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Survey responses are a valuable source of insights that can form a key driver for growth in a business. You must get results that are unbiased and accurate. Bias can be from respondents to your surveys or from the survey creators. It can be tempting to create surveys that confirm your theory, but in the end, you need results that can provide actionable insights that can help meet your goals for the long term.
Response bias is the systemic conditions and biases that can impact the responses your surveys get. Bias can be intentional as well unintentional and be an issue in self-reporting surveys. Bias is important because it directly influences the quality of your data. Bias can come from the researchers’ side as well, which is why it’s important to create surveys that are fair and balanced.
This form of response bias occurs when your participants change their behavior and their responses because of their participation in the survey. Some participants change their answers in their desire to conform to the survey’s findings. Demand bias can be triggered by:
All humans have biases that impact how they interact with the world. Researchers need to consider personal bias when creating surveys and when analyzing their responses. While it is impossible to avoid personal bias entirely, it can be contained to an extent. You can read more about avoiding survey bias here.
This is a tricky one. Think about the last time you were faced with a difficult question about life, society, or politics. Did you give an answer that was truthful or one which you felt was morally correct? You can avoid this by framing questions in a way that doesn’t put the respondent on the spot.
Acquiescence is when a respondent chooses to respond positively to your survey questions, with dissent being when a respondent chooses no for your questions. This can be dealt with by mixing up the style of your questions, forcing respondents to pause and think.
Take a Likert scale question for example. Your respondents can typically choose from some variation of “Strongly disagree” to “Strongly agree”. Respondents who select options at either end of the scale can be said to have an extreme response bias.
A neutral bias, on the other hand, is when a respondent selects neutral answers more often than not. This is a sign of disinterest.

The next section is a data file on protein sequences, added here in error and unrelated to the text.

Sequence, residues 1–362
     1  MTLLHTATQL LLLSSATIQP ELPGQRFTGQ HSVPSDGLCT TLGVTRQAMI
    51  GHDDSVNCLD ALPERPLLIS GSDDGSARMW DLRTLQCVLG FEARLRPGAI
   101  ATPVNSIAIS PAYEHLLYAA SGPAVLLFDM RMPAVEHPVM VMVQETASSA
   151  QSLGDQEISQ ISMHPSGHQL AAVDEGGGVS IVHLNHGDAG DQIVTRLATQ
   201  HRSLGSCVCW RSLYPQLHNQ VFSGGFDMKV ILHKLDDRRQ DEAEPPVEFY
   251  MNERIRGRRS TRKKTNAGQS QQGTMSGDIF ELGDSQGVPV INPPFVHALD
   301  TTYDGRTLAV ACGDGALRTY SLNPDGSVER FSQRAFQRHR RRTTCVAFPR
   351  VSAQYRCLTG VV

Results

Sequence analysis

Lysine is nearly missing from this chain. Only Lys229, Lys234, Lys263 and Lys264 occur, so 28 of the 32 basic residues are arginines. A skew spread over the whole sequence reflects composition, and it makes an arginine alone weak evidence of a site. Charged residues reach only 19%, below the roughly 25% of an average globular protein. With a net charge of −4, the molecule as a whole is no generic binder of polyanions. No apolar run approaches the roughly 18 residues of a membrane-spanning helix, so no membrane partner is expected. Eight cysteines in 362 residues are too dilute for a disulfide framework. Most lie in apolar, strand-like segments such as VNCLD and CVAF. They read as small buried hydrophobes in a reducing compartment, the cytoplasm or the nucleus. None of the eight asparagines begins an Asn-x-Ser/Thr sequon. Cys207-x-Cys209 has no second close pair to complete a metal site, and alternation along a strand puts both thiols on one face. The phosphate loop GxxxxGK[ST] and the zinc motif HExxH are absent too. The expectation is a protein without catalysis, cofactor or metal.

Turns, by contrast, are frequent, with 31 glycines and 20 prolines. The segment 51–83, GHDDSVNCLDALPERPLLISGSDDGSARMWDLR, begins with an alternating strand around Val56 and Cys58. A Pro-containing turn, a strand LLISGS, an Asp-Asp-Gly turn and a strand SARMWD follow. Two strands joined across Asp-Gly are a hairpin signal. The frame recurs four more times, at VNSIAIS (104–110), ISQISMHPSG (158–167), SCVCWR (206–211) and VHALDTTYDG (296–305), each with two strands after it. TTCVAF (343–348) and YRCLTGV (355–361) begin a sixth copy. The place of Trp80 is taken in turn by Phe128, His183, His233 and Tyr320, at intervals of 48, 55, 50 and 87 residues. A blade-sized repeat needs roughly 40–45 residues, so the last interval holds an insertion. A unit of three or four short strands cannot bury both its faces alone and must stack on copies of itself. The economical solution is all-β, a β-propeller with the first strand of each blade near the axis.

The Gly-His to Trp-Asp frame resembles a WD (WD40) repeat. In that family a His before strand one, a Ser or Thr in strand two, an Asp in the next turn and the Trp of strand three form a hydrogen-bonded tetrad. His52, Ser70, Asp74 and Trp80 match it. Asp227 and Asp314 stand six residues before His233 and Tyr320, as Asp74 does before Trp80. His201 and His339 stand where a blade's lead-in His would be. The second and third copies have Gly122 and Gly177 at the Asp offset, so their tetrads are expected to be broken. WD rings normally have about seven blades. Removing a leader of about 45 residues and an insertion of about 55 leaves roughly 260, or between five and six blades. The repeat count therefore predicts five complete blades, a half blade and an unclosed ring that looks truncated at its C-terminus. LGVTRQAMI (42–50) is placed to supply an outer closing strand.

How you word your questions is crucial for soliciting unbiased answers. Your survey as a whole needs to be balanced with negative and positive responses. You should also avoid asking questions that could trigger an emotional response from your respondents.
If you need to ask open-ended questions, then be certain about framing your question as neutrally as possible – You don’t want to lead your customers to an answer.
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Every demographic can have its own type of bias. While framing your questions you need to keep your demographic firmly in mind. You need to ask yourself a few questions:
CATI surveys are an excellent way to conduct large-scale research studies. They can allow researchers to target demographics that would otherwise not be interesting in taking part in a survey on other channels. However, you will require skilled interviewers to conduct CATI surveys. Your interviewers need to pick up on tics exhibited by respondents and be able to convince them to share their opinion on sensitive topics from time to time.
Unfinished surveys can often give misleading insights that resemble bias. Survey software like Voxco’s research cloud can integrate rewards in surveys. This can help encourage people to participate in your surveys, and most importantly complete the surveys.
Survey fatigue can make respondents click on random answers – just because they want to get the survey over with. Survey fatigue can contribute to response bias and affect the quality of insights you can expect.
Using multiple question types (audio and video survey questions are an option!) can break up the monotony in your survey and ensure respondents put more thought into their answers. If possible, ask questions about multiple topics in your survey.
Whether it’s a Likert scale questionnaire or a simple yes/no survey, you need to give the possibility of a negative or neutral. Sometimes a respondent may not see an option that best describes their response which forces them to choose the wrong answer, thus tainting your survey with bias. The ‘don’t’ know’ option in a survey can be a valuable source of data by itself, too.